safe learner driving with a black box
what is safe driving?
Let's get one thing straight before we begin. Driving safely does not just mean driving at 10mph and checking your surroundings 100+ times before making a manoeuvre.
Actually, quite the opposite. Safe driving seems like an incredibly easy concept to explain, but it's not just about watching your speed and checking your mirrors before every manoeuvre. Learner drivers need to get familiar with a host of other things, which is why insurance companies incentivise them by offering what are known as black box policies - which essentially allow the insurers to monitor their customers' driving behaviour.
What do insurance companies take into consideration here?
Using what the black box tells them, they measure safe driving on the following 5 criteria:
As is often the case, increased speed equals increased danger. Driving is about more than just putting your foot down - so make sure that you drive at an appropriate speed for the type of road and conditions; this may be lower than the actual speed limit. It's more important that you arrive at your location safely.
Are you a little too heavy on the brakes? Or lead footed when it comes to acceleration? Both of these are significant factors in safe driving by our standards. So it's important that you look ahead, keep your attention fully on the road, avoid any distractions, and try not to brake suddenly, or sharply accelerate.
Driving can be incredibly tiring - whenever you make a long journey it's so important you stop frequently; driver fatigue is a common factor in road accidents so keeping yourself alert can help keep you safe. Experts recommend that you take a break of at least 20 minutes, every 2 hours.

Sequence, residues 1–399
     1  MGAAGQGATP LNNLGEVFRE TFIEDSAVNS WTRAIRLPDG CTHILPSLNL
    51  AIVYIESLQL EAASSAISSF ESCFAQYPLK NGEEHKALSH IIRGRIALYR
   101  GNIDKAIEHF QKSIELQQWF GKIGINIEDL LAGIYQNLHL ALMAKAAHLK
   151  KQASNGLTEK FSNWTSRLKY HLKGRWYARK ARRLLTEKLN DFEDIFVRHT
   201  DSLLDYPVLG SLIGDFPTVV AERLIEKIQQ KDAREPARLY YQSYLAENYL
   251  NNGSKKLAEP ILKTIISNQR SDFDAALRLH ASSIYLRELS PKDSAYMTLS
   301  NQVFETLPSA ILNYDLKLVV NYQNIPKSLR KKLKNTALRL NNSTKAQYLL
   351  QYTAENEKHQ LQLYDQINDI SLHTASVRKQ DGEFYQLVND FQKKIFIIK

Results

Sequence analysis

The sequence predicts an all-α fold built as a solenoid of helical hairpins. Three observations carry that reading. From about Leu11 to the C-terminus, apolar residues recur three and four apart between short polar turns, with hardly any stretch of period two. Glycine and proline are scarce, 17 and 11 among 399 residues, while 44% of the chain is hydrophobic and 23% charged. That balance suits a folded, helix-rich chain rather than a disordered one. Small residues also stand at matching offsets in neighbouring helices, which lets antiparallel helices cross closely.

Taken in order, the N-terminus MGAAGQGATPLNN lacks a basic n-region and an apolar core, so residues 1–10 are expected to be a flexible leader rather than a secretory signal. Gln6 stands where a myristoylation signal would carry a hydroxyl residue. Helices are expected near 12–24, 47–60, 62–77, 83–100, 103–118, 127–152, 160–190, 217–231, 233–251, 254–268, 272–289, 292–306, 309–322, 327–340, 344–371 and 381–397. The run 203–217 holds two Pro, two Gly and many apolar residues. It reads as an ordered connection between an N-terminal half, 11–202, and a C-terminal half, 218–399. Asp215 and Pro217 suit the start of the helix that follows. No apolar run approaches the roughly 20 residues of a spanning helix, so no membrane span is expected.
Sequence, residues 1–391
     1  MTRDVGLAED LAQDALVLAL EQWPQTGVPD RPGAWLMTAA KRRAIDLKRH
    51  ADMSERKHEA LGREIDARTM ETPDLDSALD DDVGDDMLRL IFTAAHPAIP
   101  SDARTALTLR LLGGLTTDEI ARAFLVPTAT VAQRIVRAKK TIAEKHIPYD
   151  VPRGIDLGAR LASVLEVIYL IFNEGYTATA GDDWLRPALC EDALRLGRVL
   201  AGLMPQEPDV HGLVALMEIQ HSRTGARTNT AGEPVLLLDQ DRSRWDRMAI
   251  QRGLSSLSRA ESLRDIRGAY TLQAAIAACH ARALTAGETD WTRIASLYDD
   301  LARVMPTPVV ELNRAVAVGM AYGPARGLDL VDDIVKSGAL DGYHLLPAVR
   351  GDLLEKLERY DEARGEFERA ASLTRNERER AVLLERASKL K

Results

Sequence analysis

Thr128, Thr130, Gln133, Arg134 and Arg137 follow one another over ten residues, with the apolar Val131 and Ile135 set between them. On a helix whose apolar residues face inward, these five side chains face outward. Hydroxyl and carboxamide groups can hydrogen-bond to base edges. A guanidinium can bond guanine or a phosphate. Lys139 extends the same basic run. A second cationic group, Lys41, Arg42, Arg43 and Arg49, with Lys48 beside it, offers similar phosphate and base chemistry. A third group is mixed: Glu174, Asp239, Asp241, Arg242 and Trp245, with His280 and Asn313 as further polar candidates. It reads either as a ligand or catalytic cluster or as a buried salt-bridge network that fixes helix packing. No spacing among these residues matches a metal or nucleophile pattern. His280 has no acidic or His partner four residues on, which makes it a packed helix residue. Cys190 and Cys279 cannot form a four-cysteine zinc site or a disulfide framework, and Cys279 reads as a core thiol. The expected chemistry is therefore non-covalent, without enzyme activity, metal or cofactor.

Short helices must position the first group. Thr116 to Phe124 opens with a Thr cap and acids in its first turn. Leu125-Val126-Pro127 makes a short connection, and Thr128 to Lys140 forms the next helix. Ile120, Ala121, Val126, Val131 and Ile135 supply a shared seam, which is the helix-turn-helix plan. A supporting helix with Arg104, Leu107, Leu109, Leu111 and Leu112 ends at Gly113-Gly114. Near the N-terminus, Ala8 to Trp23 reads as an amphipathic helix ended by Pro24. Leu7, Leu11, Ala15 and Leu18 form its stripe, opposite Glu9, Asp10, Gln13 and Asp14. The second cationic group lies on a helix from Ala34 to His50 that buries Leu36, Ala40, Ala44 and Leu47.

Time of Day
Often people fear driving at certain points in the day - perhaps it's because they're too busy, or people do not like to drive in the dark. Whatever the reason, personal preference is absolutely fine. But records have shown that accidents are much more likely to occur during the night (night time defined as 11pm - 4am).
If you can avoid driving at night, then you will likely reduce your risk of an accident and earn more Bonus Miles with us. There are also peaks in accidents occurring during the evening rush hour (5pm - 6pm). So, if you do have to travel during these times, be extra careful.
Do you have to travel on the motorway to travel for work? Or live remotely, so need to use the motorway frequently? Don't worry - this isn't a bad thing. In fact, motorways are statistically the safest roads to drive on, here in the UK. Please be careful and travel at the appropriate speed - bad weather can be very dangerous at high speeds.
So, the key takeaways here are:
* Drive at an appropriate speed.
* Be smooth on your brakes and accelerator.
* Take regular breaks on long journeys.
* Choose to drive when it's safer to do so.
* Drive on the motorway, if it's an option.